Bride standing in front of a group of women.

Tips to Trim Your Destination Wedding Guest List

You Are Cordially Not Invited

The old adage “less is more” is not just for makeup advice and golf scores; it’s also a sound approach to choosing your destination wedding guest list. Because every single guest, and expense, counts, from pre- and post-activities to food, drinks and transportation to and from the airport.

It pays—literally—to spend time fine-tuning your guest list. Which means cutting people you’d normally invite, like your wealthy uncle who would surely buy that Japanese knife set you put on your registry. Besides, since this is a destination wedding, you will be spending more time than usual with your guests before and after the ceremony. So keeping the numbers down creates a more intimate setting filled with only those people you cherish most.

If struggling with where to start on your guest list, follow these tips.

Invite Only Current Friends and Family

When it comes to far-flung weddings, only invite the people you’re closest to. Just because they are a work associate, someone you met a few times in college, or you have a Facebook friend in common doesn’t mean they need an invitation. Same goes for family. If you were in diapers the last time your great aunt saw you, it’s safe to say she doesn’t need an invite. 

Wedding invitations tied together with tied together with twine and with dried flowers on top.
Invitations: Only invite the people closest to you like your family and your besties.

Reign in Your Parents

When it comes to your special day, your super-proud parents want to invite every single person they’ve ever met – mailman included. As endearing as this is, your intimate affair of 30 can balloon to 300 if you give the parental units free invitational reign. Make it fair by giving the parents of the bride and the groom the same low number of invitations to personally disperse. Or select the friends and family members yourself to be in more control.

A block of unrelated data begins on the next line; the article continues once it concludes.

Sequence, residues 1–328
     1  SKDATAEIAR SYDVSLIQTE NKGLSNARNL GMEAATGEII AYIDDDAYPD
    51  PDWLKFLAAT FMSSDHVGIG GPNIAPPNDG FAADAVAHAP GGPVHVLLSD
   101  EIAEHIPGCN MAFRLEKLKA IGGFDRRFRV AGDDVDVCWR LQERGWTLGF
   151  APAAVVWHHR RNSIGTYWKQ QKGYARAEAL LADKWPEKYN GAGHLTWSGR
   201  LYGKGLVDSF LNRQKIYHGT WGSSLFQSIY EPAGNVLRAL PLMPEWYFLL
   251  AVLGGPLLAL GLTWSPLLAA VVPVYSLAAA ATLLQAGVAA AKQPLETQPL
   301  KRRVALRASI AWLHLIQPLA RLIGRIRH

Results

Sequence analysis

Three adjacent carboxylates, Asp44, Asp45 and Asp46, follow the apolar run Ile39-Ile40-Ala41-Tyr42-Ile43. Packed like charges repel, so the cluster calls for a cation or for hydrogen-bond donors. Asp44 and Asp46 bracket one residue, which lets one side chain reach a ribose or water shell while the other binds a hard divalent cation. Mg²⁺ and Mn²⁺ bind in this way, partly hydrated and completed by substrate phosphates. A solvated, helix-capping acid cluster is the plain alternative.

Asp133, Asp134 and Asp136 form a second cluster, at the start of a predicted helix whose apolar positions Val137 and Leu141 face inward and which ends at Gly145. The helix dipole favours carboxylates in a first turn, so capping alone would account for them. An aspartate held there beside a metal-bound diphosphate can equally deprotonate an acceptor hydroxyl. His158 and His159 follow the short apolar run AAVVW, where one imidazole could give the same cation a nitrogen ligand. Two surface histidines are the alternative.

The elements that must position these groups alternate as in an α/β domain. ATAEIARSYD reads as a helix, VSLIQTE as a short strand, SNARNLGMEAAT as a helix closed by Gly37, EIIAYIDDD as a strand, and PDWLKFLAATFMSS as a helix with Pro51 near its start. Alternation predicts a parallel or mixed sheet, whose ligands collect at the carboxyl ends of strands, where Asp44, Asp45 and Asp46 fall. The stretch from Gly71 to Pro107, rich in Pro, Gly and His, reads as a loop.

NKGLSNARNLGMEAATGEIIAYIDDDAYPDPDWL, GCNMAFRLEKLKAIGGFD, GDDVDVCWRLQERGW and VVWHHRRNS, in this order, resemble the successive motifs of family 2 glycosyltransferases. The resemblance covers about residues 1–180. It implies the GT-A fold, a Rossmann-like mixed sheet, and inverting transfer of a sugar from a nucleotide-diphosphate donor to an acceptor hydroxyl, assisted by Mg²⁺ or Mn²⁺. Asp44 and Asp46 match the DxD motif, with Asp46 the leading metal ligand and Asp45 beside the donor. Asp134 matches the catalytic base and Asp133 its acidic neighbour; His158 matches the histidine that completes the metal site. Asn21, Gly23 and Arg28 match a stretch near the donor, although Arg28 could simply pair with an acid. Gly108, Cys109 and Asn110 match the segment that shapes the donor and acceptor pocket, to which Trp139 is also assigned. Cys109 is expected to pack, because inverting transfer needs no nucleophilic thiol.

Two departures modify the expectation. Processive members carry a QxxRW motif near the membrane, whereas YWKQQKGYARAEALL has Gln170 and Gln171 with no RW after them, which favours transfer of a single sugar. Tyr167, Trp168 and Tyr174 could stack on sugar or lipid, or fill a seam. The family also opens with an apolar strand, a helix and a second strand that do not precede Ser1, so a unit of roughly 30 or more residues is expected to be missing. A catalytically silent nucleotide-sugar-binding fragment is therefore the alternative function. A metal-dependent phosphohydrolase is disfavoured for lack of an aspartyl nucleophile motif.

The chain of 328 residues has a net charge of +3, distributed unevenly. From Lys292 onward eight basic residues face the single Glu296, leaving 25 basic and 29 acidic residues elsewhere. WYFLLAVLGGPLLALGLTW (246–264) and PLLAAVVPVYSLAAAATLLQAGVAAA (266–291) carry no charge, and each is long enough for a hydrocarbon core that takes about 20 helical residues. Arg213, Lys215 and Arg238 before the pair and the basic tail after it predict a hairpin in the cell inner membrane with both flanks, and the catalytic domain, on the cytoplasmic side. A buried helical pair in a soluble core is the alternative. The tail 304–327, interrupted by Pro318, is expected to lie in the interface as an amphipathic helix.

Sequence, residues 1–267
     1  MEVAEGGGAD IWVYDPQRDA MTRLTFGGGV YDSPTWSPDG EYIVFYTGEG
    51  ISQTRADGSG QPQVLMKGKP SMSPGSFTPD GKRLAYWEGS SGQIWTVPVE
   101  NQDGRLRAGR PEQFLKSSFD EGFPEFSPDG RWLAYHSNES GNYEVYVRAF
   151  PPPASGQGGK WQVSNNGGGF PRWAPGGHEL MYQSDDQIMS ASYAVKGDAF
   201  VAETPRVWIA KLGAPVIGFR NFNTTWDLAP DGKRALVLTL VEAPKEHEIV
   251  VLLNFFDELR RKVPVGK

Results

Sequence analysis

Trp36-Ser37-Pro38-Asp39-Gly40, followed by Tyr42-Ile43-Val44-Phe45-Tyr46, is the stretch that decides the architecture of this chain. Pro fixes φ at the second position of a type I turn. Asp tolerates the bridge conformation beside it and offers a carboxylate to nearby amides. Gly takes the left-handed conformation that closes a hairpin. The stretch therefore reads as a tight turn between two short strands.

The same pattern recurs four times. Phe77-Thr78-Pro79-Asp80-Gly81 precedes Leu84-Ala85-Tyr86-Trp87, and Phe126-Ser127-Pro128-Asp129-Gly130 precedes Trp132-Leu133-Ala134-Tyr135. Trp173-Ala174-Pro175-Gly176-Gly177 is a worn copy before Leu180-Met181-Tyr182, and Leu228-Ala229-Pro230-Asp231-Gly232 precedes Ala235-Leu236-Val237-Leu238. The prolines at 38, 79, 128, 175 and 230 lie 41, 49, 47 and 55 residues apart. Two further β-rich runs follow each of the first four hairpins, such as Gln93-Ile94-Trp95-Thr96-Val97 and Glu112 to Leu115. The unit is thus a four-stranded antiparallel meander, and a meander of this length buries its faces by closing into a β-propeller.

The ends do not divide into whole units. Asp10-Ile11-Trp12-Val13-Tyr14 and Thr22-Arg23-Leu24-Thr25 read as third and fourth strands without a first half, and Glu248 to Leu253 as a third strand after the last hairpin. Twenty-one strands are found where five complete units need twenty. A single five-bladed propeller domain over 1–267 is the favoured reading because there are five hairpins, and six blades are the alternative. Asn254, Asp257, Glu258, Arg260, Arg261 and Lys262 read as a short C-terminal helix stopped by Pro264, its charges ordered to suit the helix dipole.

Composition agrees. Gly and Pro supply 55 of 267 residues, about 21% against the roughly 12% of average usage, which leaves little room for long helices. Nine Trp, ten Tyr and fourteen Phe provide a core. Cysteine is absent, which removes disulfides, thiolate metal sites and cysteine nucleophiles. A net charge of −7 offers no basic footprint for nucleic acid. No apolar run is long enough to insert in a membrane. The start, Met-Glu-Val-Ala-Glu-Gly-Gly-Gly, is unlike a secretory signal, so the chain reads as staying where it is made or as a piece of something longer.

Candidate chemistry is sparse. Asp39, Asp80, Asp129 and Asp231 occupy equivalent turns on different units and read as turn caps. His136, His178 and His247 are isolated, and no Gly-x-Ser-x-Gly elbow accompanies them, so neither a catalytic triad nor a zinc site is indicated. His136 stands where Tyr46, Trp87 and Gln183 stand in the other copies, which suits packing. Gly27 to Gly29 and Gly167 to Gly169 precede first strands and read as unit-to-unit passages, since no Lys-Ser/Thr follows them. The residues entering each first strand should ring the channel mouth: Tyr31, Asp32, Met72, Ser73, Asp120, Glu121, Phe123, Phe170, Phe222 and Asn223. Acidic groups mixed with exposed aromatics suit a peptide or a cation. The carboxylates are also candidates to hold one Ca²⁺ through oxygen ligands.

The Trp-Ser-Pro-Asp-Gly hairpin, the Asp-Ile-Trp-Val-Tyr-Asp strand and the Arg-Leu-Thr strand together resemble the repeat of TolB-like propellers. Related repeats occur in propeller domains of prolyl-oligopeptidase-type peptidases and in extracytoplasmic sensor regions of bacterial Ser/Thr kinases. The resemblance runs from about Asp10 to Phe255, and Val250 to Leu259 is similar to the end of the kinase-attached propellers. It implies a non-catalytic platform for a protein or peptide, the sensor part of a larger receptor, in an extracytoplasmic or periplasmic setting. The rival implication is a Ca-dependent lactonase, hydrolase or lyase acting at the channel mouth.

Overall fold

Create A & B Lists

The best Broadway actors have backups, and so should your guest list. The average lead time for destination wedding invitations is three-to-four months in advance. This works to your benefit, as you can determine an RSVP window that allows you to send additional invitations if the A-listers can’t make it. Work with your fiancée to create a secondary list of friends and family to invite when the “Regretfully Decline” responses start rolling in. Destination wedding guests must commit time and money to attend, so determine the two lists based on who will realistically be able to honor you with their presence.

Bride kisses her mother's hand prior to the start of her destination wedding.
Reign in Parents: Give parents of the groom and bride a low number of invitations to personally disperse.

Plus Ones or Plus Nones

Plus one’s become tricky when guests beg you to bring their Tinder date or work colleague. These seemingly small inclusions can add big costs to your wedding, not to mention anxiety if you’ve never met them. To make it more comfortable for guests coming stag, always seat them next to people they know. And skip the dreaded singles table, it actually makes them feel worse, not better, about going solo.

Make a Firm Decision on Kids

Sure little Billy cuts a mean Macarena, but his cost at your wedding can be the exact same as an adult in terms of food and board. Plus, kids create an entirely different vibe at weddings. If you want kids there, make sure the property is child friendly and has ample activities to keep them entertained so their parents can enjoy the scene too.

Flower girls smiling at each other.
Kids or No Kids: Your decision will determine the vibe at your destination wedding.

Put Yourself in Their TOMS
A sunset wedding on a private yacht off the coast of the Maldives sounds dreamy, but can your friends afford to be there? Even though it’s your day, a wedding is meant to be celebrated with the people you love most, so make sure you choose a destination that offers possibilities and perks for those on a budget – like all-inclusive resorts that include meals, drinks and free activities. Plus, include a wide range of price points on rooms, so even penny-pinching Aunt May can be there to watch you walk down the aisle.


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